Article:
Your Permanent #Job #Search

By Philip J.W. Smith

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Looks like your future employer is watching you online, involuntarily enrolling you in a never-ending job interview.

In the same way that you would strategically calculate every detail concerning a face-to-face interview, such as what would you wear, say, do, and admit, so too, must you adopt this same mentality everyday as you engage in online activity.

In a post written for the Harvard Business Review entitled, Your Future Employer is Watching You Online. You Should Be,Too, writer Michael Fertik explores in depth how “those of us who exert the necessary effort to maximize our digital reputations will be rewarded: opportunities will find us. Those of us who don't will miss out.”

Fertik begins by describing the process.

First, your information is collected online from social media profiles and activity, online resumes, credit card information, and other conduits through which you (or others working on your behalf) would leave a digital footprint.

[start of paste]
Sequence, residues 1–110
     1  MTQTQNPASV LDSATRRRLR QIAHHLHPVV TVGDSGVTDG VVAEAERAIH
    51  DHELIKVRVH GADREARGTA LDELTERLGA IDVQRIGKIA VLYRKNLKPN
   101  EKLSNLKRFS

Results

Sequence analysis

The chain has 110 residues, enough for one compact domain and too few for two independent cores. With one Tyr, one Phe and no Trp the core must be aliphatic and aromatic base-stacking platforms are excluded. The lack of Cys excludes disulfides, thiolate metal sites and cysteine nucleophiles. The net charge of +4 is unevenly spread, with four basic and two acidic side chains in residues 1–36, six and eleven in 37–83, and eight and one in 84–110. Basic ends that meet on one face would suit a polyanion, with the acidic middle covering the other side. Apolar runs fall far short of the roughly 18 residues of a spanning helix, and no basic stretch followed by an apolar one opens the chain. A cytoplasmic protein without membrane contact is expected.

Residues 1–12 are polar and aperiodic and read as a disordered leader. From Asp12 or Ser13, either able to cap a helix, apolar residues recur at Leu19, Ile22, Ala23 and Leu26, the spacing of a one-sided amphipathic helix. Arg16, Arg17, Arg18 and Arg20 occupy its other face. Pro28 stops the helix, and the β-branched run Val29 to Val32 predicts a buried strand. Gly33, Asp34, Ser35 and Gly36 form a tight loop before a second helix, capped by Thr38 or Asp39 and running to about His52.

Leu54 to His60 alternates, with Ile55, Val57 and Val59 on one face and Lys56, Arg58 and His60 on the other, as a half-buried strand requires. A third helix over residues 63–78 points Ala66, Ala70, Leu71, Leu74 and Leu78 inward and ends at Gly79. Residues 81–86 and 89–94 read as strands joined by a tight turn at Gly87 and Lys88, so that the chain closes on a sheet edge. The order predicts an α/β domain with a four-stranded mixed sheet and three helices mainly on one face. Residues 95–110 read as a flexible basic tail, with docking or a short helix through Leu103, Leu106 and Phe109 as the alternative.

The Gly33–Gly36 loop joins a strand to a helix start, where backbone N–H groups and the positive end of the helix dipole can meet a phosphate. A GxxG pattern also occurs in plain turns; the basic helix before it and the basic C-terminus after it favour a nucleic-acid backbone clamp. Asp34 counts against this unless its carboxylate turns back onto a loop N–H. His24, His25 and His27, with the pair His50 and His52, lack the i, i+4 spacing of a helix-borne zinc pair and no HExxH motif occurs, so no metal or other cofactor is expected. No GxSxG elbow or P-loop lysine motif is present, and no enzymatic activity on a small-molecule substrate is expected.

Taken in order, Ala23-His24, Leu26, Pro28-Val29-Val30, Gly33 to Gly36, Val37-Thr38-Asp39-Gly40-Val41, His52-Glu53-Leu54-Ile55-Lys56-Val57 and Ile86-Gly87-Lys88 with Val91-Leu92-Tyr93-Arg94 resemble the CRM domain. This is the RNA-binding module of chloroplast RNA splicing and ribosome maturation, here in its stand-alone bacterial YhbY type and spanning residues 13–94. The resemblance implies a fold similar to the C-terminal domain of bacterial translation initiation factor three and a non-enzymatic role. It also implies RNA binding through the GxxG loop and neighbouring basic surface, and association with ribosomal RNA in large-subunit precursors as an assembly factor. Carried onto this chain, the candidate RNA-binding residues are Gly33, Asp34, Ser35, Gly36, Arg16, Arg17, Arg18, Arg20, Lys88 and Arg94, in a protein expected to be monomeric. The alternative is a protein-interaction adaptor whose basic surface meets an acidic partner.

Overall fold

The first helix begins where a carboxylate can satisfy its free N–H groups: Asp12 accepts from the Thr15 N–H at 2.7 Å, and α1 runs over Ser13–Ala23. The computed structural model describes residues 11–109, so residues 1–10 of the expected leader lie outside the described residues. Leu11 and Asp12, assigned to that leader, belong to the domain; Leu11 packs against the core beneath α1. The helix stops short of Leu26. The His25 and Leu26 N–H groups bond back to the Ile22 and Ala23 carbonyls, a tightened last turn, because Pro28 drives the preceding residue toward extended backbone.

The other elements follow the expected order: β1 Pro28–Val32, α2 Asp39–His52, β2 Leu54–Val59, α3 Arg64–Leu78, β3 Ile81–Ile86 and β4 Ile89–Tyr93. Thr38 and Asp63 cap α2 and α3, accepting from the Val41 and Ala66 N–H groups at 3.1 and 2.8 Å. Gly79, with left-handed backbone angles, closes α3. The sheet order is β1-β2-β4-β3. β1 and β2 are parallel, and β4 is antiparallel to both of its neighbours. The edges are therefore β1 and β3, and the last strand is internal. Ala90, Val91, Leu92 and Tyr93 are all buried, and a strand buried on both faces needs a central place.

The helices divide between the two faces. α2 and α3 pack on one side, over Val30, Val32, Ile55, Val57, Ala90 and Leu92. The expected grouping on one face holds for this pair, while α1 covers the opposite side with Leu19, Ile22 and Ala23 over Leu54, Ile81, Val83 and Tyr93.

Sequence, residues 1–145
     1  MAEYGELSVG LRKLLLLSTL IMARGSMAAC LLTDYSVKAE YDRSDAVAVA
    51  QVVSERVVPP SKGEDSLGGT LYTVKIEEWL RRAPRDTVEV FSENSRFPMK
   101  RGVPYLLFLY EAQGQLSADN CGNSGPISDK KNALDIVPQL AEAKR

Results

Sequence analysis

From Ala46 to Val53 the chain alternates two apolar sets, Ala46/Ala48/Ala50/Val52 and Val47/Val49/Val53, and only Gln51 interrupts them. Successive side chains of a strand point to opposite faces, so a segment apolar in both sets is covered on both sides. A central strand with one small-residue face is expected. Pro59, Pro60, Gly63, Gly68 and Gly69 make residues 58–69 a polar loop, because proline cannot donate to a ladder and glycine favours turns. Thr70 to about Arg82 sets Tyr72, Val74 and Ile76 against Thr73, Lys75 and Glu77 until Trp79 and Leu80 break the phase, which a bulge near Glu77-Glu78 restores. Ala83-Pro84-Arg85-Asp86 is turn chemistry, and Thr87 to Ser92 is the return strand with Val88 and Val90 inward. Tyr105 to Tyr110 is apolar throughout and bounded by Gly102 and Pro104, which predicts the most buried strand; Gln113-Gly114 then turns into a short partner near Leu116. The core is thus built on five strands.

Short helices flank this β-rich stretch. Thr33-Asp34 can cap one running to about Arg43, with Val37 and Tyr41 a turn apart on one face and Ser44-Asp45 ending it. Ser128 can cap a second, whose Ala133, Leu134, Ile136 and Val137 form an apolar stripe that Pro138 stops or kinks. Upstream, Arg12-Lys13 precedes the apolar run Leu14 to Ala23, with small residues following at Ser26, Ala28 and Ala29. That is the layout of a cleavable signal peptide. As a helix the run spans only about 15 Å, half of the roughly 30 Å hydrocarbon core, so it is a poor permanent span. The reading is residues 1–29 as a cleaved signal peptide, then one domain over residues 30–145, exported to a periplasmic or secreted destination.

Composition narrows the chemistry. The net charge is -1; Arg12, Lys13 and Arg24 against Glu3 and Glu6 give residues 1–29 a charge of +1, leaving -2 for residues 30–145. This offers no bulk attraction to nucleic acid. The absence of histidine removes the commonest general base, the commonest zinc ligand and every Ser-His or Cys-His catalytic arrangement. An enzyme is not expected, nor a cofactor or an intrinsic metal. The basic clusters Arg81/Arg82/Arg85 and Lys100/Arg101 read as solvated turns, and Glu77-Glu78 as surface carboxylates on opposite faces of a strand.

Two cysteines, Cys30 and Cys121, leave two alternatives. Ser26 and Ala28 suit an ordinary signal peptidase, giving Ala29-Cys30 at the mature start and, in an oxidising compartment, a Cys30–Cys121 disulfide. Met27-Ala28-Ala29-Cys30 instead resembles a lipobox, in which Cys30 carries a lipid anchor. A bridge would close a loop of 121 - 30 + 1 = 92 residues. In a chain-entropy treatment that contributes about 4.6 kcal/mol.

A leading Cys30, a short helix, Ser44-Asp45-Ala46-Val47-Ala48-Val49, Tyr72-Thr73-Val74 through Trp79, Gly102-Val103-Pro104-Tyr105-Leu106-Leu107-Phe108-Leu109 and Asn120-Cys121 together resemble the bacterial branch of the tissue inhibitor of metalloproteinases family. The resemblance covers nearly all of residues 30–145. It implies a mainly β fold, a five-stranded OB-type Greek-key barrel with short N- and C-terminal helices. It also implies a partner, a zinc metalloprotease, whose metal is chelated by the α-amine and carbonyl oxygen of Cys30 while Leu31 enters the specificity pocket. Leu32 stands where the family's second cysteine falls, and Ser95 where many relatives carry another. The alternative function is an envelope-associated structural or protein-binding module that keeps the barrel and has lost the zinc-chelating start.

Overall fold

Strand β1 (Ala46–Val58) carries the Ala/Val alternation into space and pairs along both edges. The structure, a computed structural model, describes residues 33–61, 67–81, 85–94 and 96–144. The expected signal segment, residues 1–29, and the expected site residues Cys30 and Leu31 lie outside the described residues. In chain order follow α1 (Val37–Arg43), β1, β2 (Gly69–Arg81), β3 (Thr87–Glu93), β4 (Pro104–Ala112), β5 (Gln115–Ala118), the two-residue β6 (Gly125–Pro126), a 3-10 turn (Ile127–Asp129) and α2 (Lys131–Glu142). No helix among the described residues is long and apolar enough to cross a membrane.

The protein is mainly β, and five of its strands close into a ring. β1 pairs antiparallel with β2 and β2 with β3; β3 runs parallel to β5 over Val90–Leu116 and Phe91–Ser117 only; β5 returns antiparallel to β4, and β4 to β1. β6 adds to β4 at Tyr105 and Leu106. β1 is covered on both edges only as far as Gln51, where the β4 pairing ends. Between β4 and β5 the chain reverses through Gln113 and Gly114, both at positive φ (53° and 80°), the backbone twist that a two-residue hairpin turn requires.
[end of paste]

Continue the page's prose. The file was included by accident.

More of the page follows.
From there your data is analyzed. As a result, a profile is created and a score is assigned. Scores aren’t exclusive to employability but most certainly affect it.

Next, potential employers use the data analysis to evaluate you. Everything including social media profiles, online shopping habits, gaming sites, classifieds, auction sites and even virtual world activities are considered in this evaluation process.

The real kicker, however, is best described by Fertik himself, saying:

...employers, who have become adept at manually researching and evaluating candidates through their digital footprints, are getting machine-based number-crunching tools that will make the entire screening process faster. Employment is joining other fields like higher education (heavily dependent on standardized test scores for admissions), where machine-based scores will determine or all-but-determine our fate.

What does all of this mean for you personally? Well, you may be participating in a job search and interview process everyday without even having applied for a role. That said, depending on the content of your online activity, this knowledge may encourage you or scare you half to death.

Be sure to manage your online reputation by taking the following advice, offered by Fertik, into consideration:

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